I want to control some of the behaviors/permissions for a page, with examples such as JavaScript, Flash, or notifications, but every time I try to click the favicon (or lack of one; the 'i' letter inside of a circle symbol is there) on a certain page, it seems to think I want to drag and drop the page address somewhere, instead of bringing up that familiar Chrome page information box.

Right now it only happens on that 1 site.

On this site, the "Secure" text with lock icon to the left of that word appears, and clicking that brings the expected results as I just mentioned.

I vaguely maybe remember this being available in the right-click context menu, or in the properties/browser menu in the top-right corner, or pressing the Cmd+i key combination like similar function in other Mac-based applications, for example, Finder opens more verbose file/folder/item information in a separate window.

Chrome 57 on MacOS 10.12.3.


and probably more.

  • You do know that websites use JavaScript. So you can't be sure what the page is doing, what the programmer has tried to "block" you from doing or any other "stuff" that might be doing. You say it's this page for now. I'd just leave it at that and understand that all programmers aren't equal, nor are developers of websites. Also, developers are more aware of what people are doing and don't particularly care at one spectrum, and others really hide their code in ways that can't be pried and pulled at. Realized this too. – ejbytes Apr 21 '17 at 20:42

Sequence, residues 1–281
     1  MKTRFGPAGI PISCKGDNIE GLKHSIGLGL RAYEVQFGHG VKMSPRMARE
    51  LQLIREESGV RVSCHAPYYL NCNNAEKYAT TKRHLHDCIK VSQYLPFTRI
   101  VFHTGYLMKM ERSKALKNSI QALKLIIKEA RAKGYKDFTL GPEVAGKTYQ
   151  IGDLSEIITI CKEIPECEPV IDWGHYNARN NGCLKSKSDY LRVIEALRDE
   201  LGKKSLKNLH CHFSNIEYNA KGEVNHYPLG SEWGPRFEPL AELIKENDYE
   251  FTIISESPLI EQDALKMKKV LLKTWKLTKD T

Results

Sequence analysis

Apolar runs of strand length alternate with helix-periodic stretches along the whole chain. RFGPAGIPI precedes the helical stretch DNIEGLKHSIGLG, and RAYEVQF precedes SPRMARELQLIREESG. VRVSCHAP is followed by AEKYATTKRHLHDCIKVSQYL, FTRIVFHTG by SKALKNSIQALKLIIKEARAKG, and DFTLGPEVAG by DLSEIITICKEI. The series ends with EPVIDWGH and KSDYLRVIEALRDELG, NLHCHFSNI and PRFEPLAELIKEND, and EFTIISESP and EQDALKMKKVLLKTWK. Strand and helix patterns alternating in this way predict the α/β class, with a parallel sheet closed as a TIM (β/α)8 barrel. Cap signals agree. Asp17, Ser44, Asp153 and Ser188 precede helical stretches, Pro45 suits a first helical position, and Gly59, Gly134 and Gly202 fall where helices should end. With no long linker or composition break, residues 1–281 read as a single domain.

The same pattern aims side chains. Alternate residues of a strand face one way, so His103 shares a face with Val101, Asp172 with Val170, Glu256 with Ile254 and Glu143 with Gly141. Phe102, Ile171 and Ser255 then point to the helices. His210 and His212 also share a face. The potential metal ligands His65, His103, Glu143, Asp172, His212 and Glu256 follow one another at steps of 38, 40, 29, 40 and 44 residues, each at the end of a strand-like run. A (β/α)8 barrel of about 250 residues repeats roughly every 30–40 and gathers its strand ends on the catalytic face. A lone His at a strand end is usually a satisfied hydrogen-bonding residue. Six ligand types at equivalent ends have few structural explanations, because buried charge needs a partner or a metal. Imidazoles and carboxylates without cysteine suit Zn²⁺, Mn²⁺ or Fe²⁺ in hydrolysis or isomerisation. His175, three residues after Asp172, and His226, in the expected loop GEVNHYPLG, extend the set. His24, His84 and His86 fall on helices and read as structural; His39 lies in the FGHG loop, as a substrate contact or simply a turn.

• Not quite sure what you are saying, but it seems unrelated. Are you claiming some JavaScript on the page could have altered the behavior of the Google Chrome browser to not display the page information box that is usually accessed across pages, especially for security concerns, and for an element that does not exist in the page context? I seriously doubt that. – Pysis Apr 22 '17 at 6:01
  • I'm familiar with old or current methods of preventing/changing the status text that usually appears on hover, sneaking in text when you execute a clipboard copy command, and disabling the right-click context menu. Similar to these points, web browsers may have taken away, or restricted some of these abilities for the web pages JavaScript to control in the name of securing casual and more users, another example in the HTML5 file blob/system access, clipboard ability, notifications, etc. This seems like something they would want to retain and protect from the page as well. – Pysis Apr 22 '17 at 6:04
  • Yes, exactly to your first comment. – ejbytes Apr 22 '17 at 7:07

Well on version 74 now and it works better, coming up every time I click on the lock icon in the address bar for example. It took a while to fix, maybe around 62-66?

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